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After our arrival, the lovely and I headed one direction, whilst Barry headed another, and we agreed to meet up at an appointed time.  There were a few things about, not a bunch of corkscrews, but a few.  And, largely they were the common variety–but fairly priced.

With still an hour before we were to meet up, I looked under a table where I found a small tin of buttonhooks.  At 6 dollars a piece, I was hopeful that there might be a folding bow with corkscrew with buttonhook.  Asking the dealer if I could dump out the tin to examine them closely, I flipped over the tin and rifled through.

No corkscrews and buttonhooks were present, however…

I know, the suspense is killing you.

There was indeed something worth buying within that tin–well what was previously within the tin and now was spread out over a small blanket.

And, it wasn’t a buttonhook.  But, it could easily be mistaken for one.

I do already own one of these, but to find one in the wild is rather exciting…

(Would you get to the point already?  What was it?)

While the lovely picked up a nice mechanical Anri stopper, what was amongst the buttonhooks was the only thing I purchased that day.  But, if you are only going to find one thing at the local flea, it is a nice thing to find.

Speaking of, while we were walking up to meet Barry, also at the flea was corkscrew collector (and carved alligator collector) Tom Staley.  It was nice to catch up, and perhaps we will finally make the trade we have been negotiating for 6 years.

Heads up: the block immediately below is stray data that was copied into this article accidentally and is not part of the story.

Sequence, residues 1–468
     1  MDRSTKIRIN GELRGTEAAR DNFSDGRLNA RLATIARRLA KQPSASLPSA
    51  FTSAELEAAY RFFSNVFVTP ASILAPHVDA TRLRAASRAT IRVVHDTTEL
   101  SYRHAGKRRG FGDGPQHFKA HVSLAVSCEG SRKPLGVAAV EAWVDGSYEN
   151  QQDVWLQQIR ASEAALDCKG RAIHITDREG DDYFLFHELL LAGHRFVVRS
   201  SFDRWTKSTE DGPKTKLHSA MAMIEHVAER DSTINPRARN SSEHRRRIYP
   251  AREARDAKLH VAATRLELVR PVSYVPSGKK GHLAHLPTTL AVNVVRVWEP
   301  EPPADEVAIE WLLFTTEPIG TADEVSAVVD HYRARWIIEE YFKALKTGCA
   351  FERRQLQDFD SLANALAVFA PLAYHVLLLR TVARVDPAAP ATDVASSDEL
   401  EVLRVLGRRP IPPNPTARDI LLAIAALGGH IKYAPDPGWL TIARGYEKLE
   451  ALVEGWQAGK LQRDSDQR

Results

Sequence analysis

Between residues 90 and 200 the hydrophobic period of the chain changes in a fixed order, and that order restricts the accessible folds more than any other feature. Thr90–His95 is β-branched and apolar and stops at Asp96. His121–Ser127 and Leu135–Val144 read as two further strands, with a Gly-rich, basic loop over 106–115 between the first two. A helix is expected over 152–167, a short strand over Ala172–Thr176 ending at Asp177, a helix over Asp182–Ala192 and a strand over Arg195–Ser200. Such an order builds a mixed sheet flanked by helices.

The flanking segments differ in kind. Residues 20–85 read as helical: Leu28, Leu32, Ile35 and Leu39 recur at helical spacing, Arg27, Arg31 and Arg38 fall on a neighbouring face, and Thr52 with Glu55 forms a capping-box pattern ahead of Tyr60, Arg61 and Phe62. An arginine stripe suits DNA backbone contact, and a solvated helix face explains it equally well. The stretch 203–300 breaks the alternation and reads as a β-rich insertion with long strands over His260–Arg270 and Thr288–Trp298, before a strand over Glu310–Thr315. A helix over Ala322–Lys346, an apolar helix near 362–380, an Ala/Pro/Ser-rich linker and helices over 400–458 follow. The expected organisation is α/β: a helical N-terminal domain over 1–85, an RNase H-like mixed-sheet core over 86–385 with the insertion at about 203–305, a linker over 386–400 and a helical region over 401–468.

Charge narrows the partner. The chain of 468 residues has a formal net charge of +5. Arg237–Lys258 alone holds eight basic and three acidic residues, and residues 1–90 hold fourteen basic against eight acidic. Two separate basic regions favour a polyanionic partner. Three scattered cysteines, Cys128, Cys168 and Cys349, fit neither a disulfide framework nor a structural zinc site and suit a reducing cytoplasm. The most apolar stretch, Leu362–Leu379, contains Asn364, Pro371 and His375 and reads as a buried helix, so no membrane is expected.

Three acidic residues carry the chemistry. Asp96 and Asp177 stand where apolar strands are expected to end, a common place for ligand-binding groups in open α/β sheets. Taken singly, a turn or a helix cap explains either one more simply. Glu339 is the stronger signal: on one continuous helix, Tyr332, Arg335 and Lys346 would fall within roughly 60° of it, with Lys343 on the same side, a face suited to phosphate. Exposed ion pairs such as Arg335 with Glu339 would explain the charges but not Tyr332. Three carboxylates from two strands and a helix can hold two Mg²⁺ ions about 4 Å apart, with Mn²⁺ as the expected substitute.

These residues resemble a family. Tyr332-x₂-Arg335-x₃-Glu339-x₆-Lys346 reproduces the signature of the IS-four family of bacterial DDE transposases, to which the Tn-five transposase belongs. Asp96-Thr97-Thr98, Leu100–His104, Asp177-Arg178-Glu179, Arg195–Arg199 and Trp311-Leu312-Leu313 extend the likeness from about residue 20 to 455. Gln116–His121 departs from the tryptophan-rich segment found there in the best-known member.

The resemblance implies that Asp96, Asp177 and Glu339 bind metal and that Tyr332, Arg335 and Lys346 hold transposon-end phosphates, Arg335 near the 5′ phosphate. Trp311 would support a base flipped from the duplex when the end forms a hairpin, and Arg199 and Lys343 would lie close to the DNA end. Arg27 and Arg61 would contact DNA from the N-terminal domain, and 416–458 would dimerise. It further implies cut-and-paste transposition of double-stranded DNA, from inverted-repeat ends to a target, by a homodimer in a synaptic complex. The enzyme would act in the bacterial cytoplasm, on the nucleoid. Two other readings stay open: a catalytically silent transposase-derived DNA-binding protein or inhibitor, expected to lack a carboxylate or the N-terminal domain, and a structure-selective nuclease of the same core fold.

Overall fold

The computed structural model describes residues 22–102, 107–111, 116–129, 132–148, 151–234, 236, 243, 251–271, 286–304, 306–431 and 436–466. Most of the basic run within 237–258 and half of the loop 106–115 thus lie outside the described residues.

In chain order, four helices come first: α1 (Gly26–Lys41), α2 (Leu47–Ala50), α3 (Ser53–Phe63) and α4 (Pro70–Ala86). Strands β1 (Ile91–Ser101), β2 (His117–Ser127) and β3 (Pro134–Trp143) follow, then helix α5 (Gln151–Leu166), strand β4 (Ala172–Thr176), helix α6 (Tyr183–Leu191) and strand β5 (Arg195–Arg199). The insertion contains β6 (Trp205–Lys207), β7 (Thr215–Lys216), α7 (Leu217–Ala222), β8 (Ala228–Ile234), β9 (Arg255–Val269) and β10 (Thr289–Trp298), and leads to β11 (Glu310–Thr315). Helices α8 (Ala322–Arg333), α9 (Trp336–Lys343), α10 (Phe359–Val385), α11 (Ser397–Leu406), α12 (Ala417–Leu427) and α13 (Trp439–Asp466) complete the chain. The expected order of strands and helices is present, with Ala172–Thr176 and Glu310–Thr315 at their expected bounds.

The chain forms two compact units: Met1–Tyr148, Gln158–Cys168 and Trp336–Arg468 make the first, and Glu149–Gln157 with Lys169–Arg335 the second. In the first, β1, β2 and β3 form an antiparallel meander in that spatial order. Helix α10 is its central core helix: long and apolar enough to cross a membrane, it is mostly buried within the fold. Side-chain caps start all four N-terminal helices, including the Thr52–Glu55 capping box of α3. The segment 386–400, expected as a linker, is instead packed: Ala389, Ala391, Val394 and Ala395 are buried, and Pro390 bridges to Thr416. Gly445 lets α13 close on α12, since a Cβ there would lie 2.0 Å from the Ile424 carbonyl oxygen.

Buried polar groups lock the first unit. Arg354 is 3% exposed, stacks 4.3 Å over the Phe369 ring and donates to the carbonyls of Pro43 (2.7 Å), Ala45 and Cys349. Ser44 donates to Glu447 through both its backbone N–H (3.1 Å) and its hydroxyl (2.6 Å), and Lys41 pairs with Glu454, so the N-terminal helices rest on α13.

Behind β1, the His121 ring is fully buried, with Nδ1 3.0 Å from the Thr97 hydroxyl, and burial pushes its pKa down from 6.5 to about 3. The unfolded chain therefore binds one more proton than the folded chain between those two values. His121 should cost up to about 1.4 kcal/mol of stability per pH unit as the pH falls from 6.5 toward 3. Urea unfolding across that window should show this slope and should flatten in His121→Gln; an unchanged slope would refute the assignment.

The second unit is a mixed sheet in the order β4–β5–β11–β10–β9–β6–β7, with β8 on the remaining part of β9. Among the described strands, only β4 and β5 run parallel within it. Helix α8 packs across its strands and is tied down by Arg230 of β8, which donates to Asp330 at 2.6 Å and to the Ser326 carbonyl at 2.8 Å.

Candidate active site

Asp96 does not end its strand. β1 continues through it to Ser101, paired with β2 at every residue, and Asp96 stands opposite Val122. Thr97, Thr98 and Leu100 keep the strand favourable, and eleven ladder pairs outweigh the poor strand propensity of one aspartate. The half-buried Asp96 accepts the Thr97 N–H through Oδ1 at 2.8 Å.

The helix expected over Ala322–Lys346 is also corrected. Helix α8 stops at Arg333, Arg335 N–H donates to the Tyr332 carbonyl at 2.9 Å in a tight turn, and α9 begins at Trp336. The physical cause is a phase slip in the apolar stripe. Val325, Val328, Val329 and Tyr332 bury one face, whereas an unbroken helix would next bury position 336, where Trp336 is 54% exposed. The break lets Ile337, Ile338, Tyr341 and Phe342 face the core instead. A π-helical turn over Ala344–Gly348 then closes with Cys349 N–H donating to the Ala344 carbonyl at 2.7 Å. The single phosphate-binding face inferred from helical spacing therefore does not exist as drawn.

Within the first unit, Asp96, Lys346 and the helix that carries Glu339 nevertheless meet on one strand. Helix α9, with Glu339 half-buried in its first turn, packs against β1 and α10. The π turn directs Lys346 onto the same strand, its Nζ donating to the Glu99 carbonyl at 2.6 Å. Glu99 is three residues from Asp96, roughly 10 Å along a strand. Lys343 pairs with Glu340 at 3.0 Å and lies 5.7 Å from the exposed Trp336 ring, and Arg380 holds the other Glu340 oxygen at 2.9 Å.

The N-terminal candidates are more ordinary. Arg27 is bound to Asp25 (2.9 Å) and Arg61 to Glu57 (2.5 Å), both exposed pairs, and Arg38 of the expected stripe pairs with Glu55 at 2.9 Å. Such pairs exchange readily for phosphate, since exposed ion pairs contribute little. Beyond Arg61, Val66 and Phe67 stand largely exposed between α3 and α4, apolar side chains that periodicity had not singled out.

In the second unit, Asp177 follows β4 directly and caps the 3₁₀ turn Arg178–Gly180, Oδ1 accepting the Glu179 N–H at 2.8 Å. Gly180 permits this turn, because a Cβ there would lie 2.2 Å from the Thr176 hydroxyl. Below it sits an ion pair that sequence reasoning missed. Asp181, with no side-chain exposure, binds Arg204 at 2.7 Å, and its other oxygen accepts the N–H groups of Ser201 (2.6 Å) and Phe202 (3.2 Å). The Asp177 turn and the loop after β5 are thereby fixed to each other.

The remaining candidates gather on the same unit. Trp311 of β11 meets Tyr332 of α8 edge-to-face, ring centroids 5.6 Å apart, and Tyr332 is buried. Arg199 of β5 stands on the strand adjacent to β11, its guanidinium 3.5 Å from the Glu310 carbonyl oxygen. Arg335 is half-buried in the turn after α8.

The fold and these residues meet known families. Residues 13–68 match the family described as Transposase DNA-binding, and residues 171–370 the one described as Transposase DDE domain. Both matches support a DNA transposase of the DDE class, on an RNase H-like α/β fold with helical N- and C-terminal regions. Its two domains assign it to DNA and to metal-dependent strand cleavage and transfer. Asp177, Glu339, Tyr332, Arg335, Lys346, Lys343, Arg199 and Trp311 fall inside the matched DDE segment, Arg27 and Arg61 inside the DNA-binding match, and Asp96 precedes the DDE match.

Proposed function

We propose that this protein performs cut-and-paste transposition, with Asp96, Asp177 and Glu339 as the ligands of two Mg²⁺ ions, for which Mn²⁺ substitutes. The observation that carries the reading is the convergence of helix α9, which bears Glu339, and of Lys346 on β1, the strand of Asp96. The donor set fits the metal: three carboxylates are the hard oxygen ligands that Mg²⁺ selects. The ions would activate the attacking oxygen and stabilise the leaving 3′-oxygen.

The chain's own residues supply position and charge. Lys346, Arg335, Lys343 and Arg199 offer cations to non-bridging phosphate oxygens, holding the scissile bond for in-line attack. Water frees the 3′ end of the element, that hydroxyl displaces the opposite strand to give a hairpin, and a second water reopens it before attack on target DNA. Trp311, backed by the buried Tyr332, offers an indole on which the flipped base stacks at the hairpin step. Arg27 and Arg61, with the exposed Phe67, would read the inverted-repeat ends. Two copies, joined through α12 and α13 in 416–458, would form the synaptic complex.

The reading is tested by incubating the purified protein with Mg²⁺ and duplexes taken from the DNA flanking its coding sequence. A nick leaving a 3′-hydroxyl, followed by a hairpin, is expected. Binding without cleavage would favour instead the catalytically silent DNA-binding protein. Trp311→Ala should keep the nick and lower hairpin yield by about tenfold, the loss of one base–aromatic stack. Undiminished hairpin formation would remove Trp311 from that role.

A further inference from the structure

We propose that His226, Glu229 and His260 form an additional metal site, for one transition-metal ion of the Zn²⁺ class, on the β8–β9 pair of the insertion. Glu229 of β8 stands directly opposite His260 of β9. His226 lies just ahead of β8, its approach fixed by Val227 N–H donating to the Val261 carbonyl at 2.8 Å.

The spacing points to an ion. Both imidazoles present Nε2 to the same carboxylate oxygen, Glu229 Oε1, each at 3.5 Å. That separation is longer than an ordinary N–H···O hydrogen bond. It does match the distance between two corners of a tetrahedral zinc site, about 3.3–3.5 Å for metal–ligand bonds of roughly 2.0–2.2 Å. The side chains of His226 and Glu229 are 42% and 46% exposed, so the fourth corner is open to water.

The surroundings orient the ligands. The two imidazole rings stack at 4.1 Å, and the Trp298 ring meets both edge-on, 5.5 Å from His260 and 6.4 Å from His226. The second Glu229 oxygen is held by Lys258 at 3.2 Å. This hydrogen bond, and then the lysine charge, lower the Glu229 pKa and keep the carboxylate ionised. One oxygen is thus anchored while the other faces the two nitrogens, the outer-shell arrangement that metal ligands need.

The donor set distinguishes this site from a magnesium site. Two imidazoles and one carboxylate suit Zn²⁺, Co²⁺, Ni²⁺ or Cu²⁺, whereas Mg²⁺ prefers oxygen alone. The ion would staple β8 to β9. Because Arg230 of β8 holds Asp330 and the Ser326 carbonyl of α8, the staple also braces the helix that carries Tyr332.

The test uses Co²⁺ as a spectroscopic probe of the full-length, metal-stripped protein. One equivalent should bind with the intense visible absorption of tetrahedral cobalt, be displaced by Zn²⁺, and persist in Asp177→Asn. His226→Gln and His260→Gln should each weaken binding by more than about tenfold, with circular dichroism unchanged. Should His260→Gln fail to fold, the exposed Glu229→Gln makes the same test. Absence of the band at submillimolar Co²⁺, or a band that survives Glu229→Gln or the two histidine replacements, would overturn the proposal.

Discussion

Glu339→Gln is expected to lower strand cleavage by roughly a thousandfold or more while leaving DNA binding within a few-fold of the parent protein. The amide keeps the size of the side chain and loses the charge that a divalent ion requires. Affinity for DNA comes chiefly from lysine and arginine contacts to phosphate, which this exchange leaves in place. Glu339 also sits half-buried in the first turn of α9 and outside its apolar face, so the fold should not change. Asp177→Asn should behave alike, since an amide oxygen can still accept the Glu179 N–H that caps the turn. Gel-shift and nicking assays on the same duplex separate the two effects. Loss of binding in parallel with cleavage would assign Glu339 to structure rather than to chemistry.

He said he will bring the corkscrew I am after when he visits Brimfield (and then Maine) in May, and I will bring the corkscrew he is after.  We shall see if they finally change hands.

What was the purchase at the flea in Florida?

A folding Greeley patent, clearly marked with the patent date.  A great find, especially given the asking price!

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Given the Greeley is a double/duplicate…I am guessing the trade or outright purchase offers will be pouring in shortly!

A great week away, and now we are back home in Maine.  A bit of snow on the ground, and it is back to corkscrewing around!

Chick Can Opener

From a 1911 issue of Commercial America, Volume 8.

Chick Can Opener

To open a can with the Chick Can Opener illustrated herewith, the opener is simply set to the proper size, the center disc placed on the center of the can and by slight pressure on the large center holder, the pins penetrate the can.  A turn of the long handle then cuts a circle open in the can.  The straight blade at the end is used for opening square or odd-shaped tins and is provided with corrugations to prevent slipping.

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The Chick Can Opener is offered for export by the Andrews Wire and Iron Works, 80 Griswold Street, Detroit, Michigan.  It is made in two styles, one for ordinary household use and a larger one for hotel use, the latter opening any cans up to the one-gallon size.